It sounds as though you might have been sold meadow turf, rather than properly cultivated turf grown from turfgrass seed and given all the necessary care and attention. Always ask to see a sample before purchase and make sure the turf is accompanied by a declaration of composition - including details of the grass species present, the percentage of weeds and the type of soil. You want the turf freshly harvested, with minimal delay between lifting and re-laying.
You are right, there are standards. They were first published by the Turfgrass Growers Association (TGA) in 1996 but only apply to turf produced by its members and supplied with a declaration that it meets set criteria. Not all cultivated-turf growers are members - but it is a strong and active organisation.
Founded in 1995, the TGA has some 60 members, including affiliates, and is collectively responsible for producing approximately 70 per cent of the cultivated turf grown in the British Isles.
One of the organisation's principal missions is the help it gives its members to improve their standards as turf growers and businesses. Since its formation, the TGA has been at the forefront of raising the standard of cultivated turf supplied to professional and domestic users. The aim of the standards is to instil a
discipline in its members and thus give customers confidence in what they buy. The TGA's Quality Standards for Cultivated Turf were drawn up by independent turf consultant and agronomist Robert Laycock.
The Declaration of Quality Standard states the results of various assessments, together with a statement that the turf has been grown from good-quality turfgrass cultivars on a suitable soil type. It will also declare the dimensions of the turfs - the most common types being the one-square-metre and one-square-yard rolls. Other parts of the standard cover turf health, composition, presentation and strength. The turf must be green and not be visibly affected by any pest or disease. The type of soil is stated - the most suitable for landscape purposes being peats, sands and loams containing less than 40 per cent clay as determined by particle-size analysis.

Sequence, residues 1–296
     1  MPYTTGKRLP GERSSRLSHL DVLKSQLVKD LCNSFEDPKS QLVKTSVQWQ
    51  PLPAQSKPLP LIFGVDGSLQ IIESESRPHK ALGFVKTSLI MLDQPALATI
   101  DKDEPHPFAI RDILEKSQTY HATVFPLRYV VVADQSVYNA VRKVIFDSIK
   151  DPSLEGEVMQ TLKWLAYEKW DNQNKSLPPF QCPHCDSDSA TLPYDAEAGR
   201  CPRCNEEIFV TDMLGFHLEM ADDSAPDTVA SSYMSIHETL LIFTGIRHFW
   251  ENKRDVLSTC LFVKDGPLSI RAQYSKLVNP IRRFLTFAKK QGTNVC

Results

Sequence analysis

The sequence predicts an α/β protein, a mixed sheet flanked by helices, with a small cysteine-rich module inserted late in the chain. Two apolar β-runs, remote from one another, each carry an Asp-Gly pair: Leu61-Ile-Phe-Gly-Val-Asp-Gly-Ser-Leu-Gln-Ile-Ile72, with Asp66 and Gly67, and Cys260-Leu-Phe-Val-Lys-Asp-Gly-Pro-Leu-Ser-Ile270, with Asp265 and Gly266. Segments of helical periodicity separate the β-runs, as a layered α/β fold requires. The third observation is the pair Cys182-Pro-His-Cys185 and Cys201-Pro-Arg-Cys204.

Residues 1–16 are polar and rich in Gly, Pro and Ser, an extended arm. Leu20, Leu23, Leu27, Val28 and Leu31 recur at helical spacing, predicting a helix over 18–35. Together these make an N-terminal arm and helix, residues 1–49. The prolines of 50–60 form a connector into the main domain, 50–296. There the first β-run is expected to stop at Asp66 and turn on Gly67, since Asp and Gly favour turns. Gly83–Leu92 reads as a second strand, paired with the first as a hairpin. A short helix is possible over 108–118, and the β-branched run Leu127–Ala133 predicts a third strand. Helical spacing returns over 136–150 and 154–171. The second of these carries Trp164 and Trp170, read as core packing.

Under the TGA Quality Standard, 95 per cent of the turf should be composed of the grasses sown. The percentage of other species and any broadleaved weeds should be stated. The height of the sward when harvested should not exceed 35mm and the thickness of any thatch not more than 10mm. Soil beneath the thatch should be between 5mm and 15mm deep and this thickness should be uniform within a consignment of turf.
A test for strength involves lifting one-square-metre or one-square-yard turfs clear of the ground by their shortest side. At least 75 per cent of the turves subjected to this test should remain intact. The presence of any netting within the soil must be declared. And finally, the Quality Standard states that one-square-metre or one-square-yard rolls of turf must weigh less than 20kg unless the turf is wet due to rain on the day of harvest.
More information about the TGA, its members, standards and activities can be obtained from the association on 01507 607722.